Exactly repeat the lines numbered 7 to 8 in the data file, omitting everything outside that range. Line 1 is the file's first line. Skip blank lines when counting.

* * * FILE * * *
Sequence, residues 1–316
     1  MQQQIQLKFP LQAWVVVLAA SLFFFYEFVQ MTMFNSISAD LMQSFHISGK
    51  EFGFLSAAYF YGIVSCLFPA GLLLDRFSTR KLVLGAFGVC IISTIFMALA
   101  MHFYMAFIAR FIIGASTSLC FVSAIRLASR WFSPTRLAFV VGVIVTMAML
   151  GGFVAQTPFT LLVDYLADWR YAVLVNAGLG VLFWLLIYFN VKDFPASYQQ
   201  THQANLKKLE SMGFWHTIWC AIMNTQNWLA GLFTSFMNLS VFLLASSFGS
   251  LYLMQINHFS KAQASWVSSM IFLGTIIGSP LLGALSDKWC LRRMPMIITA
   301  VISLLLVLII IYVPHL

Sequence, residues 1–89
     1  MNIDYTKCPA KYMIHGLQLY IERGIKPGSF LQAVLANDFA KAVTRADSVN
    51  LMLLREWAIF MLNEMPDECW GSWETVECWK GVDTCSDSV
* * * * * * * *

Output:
   251  LYLMQINHFS KAQASWVSSM IFLGTIIGSP LLGALSDKWC LRRMPMIITA
   301  VISLLLVLII IYVPHL